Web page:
Joe Biden is to hold talks with leaders of eastern European Nato states who fear the US president is open to negotiate with Russia over its demand for the western military alliance to curb its expansion in the region.
Following a virtual meeting with Russian president Vladimir Putin on Tuesday, Biden said he planned “to discuss the future of Russia’s concerns relative to Nato writ large” and explore “whether or not we can work out any accommodation”.
Putin, who has overseen a large-scale military build-up on Russia’s border with Ukraine that US intelligence has said could be used for an invasion, has demanded that Nato rule out making Kyiv a member. The Russian president also wants the alliance to cease military deployments in eastern European member states bordering Russia.
“I hope I’m wrong but I smell ‘Munich’ here,” Marko Mihkelson, head of the foreign affairs committee of Estonia’s parliament, told the Financial Times in reference to the 1938 agreement in Europe to try to avoid conflict with Nazi Germany by ceding the Sudetenland.
“Starting talks under the guns [of Ukraine] about the future of Nato, or even more so about involving Russia in the European security architecture with a veto right — this is completely the wrong way and will ignite appetite for further aggression,” Mihkelson added.
Biden plans to convene a video conference with Nato members on the alliance’s eastern flank on Thursday, Latvia’s foreign minister Edgars Rinkevics said. The Putin call, the threat to Ukraine and the White House’s next steps are expected to be discussed.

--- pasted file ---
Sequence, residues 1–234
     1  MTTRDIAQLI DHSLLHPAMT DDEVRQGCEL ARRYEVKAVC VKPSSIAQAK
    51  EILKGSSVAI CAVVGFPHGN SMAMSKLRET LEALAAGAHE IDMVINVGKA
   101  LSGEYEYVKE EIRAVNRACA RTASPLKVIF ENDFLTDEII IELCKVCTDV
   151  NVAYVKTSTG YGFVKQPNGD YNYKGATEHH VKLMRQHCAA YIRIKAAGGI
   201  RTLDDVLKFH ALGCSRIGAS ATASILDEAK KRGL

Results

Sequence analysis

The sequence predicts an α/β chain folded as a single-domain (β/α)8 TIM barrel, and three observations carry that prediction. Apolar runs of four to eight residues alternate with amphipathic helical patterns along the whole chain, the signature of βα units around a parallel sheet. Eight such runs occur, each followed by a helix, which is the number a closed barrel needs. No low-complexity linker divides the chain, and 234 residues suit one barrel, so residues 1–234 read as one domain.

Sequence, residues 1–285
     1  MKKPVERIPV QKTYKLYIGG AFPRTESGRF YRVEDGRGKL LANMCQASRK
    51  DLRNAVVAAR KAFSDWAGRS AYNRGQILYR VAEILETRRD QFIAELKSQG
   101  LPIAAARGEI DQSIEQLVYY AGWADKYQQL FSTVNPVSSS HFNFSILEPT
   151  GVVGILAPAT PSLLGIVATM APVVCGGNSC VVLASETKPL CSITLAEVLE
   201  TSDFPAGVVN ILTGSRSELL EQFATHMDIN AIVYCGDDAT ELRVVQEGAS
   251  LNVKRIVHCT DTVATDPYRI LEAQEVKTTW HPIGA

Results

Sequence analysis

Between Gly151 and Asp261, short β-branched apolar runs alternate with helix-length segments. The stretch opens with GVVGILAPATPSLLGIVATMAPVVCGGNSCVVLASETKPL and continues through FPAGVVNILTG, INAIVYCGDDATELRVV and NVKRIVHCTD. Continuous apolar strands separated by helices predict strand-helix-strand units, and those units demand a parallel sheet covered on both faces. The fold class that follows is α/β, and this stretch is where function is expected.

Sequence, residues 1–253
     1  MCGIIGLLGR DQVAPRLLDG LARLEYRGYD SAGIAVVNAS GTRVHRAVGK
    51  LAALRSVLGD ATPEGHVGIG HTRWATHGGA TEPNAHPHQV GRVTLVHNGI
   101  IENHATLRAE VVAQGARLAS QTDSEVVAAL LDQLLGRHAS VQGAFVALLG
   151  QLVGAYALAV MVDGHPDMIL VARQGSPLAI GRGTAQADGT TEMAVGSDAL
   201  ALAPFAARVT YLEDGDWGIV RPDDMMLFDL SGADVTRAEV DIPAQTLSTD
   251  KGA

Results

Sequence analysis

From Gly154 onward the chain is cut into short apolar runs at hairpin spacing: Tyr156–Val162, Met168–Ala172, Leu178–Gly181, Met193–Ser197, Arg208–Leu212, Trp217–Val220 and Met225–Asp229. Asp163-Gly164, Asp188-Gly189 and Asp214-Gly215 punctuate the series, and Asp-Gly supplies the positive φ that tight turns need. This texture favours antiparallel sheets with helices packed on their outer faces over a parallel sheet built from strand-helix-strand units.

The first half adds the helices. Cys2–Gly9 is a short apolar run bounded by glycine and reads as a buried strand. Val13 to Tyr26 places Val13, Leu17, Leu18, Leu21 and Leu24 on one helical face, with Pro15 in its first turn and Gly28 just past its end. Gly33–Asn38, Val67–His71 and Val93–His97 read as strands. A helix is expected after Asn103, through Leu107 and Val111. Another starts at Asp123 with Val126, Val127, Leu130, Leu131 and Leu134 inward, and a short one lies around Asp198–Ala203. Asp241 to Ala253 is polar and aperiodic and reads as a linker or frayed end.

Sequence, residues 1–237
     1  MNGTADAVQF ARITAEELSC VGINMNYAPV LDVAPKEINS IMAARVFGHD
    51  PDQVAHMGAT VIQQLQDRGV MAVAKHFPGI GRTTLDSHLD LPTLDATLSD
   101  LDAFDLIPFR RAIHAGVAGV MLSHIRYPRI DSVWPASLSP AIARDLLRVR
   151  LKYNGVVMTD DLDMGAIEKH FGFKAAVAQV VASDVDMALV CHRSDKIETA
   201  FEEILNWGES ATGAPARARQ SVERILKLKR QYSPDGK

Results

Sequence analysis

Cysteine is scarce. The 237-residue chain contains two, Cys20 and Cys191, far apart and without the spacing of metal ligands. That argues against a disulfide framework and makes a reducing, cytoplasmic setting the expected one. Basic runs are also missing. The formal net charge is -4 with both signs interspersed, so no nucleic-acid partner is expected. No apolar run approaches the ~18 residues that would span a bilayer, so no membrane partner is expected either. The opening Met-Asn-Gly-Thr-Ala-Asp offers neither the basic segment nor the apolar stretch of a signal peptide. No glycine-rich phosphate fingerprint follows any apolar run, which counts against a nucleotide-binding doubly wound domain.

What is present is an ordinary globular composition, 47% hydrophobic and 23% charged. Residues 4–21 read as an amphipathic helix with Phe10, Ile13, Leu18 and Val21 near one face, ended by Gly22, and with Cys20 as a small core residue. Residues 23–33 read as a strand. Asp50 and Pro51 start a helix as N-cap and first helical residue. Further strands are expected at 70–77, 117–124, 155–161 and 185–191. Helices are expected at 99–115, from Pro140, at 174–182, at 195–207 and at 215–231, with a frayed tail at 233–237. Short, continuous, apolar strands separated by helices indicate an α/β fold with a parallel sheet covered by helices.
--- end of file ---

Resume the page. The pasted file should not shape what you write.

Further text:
Ukraine’s ambassador to the EU told the FT that Kyiv’s “red line” is that “Ukraine is a sovereign state and it is our business how we build our relations both with Nato, EU or individual states.”
“The main principle for us is that there are no words about Ukraine without Ukraine, so we need to be involved in any discussion with regard to the Ukrainian security situation,” said Vsevolod Chentsov. “Russians will have to accept it. There is no other way.”
One senior western intelligence official said Biden’s other comments “were quite forceful on deterrence.”
“Accommodation is a pretty heavy word . . . He’s not Neville Chamberlain, I don’t think he meant that,” the official said.
“I wouldn’t rush to the conclusion that the worst-case scenario from their political perspective is the one Washington intends to pursue,” the official added, referring to eastern Nato members.
White House deputy press secretary Karine Jean-Pierre told reporters on Wednesday following Biden’s comments that the principle of every country having a sovereign right to make its own security decisions “remains US policy today and will remain US policy in the future.”
“While everyone is prepared to engage in dialogue, there can be no concessions . . . in protecting our allies,” a Nato official told the FT. “We are not negotiating the right of countries to choose their own path.”
Mihkelson said that the move by the Biden administration to engage broadly with Russia was “surprising and concerns the interests of us, the countries on the eastern flank of Nato”.
Any such talks, which Mihkelson argued should include at least Poland and Ukraine, should only be concerned with “ensuring the territorial integrity and sovereignty of Ukraine and the withdrawal of the Russian military threat from Ukrainian borders”, the Estonian MP stressed.
Riho Terras, the former commander of Estonia’s defence forces and now a MEP, wrote on Twitter: “Putin has emerged a victor from the Biden call. It’s outrageous that Putin was invited to decide the fate of eastern Europe with the ‘big boys’. Biden has delivered what Putin wants on a silver plate and sat the wolf at the table.”